SINGAPORE - Businesses, including small and medium-sized enterprises (SMEs), will have more support to take the next leap in their transformation journey, with a slew of initiatives outlined by Senior Minister of State for Trade and Industry Chee Hong Tat in Parliament on Tuesday (March 3).
Chief among the measures is the SkillsFuture Enterprise Credit, which provides each eligible employer $10,000 in credits, valid for three years from April 1 this year, to cover up to 90 per cent of out-of-pocket expenses for enterprise and workforce transformation programmes.
Companies can use the credits for transformation projects and to redesign jobs and redeploy workers to more productive roles, as well as send workers for approved training courses, said Mr Chee during the debate on his ministry's budget.
This will benefit over 35,000 enterprises, which hire more than 1.5 million local workers.
Besides funding, firms can also get more assistance from the enhanced SME Centres.
A two-year pilot will see these centres take on the role as growth partners for promising micro and small enterprises. Business advisers at the centre can provide help such as business coaching and the implementation of growth initiatives.
Promising SME leaders will also be groomed in a new three-year pilot programme, called the Enterprise Leadership for Transformation.
The programme, which will start in the third quarter of this year, includes practical-focused modular training, business coaching, networking activities and support for the implementation of business growth plans.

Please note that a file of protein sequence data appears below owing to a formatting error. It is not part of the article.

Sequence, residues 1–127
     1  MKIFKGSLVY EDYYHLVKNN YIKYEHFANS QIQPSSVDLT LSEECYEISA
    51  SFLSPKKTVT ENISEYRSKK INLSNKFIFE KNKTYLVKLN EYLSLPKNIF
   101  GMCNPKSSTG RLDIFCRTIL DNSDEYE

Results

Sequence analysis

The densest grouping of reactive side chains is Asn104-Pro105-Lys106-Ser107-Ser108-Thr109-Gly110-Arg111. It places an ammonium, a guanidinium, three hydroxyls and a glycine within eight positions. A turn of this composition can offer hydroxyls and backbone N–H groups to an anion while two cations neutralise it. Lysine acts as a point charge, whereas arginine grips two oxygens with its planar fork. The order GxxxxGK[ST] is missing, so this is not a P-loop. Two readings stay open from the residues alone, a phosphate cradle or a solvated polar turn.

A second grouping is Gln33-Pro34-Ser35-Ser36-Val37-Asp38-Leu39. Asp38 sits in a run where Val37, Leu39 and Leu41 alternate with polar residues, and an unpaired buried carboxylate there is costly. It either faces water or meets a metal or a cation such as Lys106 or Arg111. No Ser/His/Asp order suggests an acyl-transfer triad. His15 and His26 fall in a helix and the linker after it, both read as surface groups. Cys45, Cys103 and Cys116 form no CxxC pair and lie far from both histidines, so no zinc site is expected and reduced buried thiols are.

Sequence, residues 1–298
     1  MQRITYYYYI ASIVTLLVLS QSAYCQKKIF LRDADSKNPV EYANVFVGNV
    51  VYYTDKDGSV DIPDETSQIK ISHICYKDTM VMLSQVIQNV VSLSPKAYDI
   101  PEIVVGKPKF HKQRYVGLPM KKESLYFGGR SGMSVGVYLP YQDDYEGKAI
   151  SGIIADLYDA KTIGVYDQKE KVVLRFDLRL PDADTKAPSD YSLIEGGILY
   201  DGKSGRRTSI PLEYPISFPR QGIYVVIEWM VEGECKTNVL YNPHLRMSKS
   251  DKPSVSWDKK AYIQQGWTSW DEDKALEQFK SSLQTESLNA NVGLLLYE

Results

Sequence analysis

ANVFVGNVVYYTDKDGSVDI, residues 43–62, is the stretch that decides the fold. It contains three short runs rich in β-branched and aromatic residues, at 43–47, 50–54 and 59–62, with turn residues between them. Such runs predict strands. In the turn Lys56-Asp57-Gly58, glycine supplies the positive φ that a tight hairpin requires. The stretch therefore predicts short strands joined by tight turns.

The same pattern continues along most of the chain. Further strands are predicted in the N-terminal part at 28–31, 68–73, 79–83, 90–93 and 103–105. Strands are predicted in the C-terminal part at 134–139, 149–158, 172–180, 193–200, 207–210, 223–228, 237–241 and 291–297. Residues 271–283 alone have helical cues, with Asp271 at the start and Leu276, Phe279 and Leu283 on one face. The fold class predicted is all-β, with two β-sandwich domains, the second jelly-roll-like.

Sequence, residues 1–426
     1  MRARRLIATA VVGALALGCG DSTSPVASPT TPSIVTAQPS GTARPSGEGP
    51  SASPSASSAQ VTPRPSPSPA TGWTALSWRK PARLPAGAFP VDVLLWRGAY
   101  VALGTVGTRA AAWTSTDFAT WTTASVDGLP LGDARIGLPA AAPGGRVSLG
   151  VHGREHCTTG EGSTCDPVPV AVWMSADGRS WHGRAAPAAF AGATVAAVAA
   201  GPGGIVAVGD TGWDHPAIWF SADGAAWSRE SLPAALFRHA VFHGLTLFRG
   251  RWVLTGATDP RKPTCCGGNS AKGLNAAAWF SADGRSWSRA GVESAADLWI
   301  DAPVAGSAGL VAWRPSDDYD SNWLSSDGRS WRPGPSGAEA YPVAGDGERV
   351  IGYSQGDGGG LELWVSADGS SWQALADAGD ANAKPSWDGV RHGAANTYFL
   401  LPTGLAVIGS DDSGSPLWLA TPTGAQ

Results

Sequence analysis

Enterprise Singapore aims to involve 900 SME business leaders over the next three years. Participating local enterprises can receive up to 90 per cent co-funding support from Enterprise Singapore and SkillsFuture Singapore.
Specific sectors will also get a boost. The GoBusiness Licensing portal, which provides a fast way for food service businesses to apply for licences, will be further developed to include sectors like retail. An e-adviser will also be introduced to recommend suitable schemes based on a company's needs.
Mr Chee said: "It is not just about using information technology but, more importantly, to re-engineer our rules and procedures, make them more efficient and pro-business and save businesses time and money."
He was replying to Mr Charles Chong (Punggol East), who had asked how SMEs can be made more aware of the schemes available.
The design industry can also get a pipeline of talent, through a new Design Education Advisory Committee that will be formed on April 1. The committee will strengthen education and industry links to develop manpower with the relevant design skills needed by the industry and wider economy.
Said Mr Chee: "We believe enterprise transformation must start with what the business wants to achieve, what problems it wants to solve, and what capabilities it needs to build to reach its goals. The assistance to companies is enterprise-centric and transformation-focused, based on their needs."
Enterprise Singapore supported more than 13,000 projects from over 11,000 enterprises last year. These will generate $17.3 billion in added value and 21,700 new jobs for professionals, managers, executives and technicians.
Mr Chee added: "Productivity improvement, innovation and internationalisation remain important pillars of our economy; we must press on with these efforts.
"We are also committed to support businesses at different stages of growth to transform and prepare for the future, so that our companies and workers will emerge stronger when the economy recovers."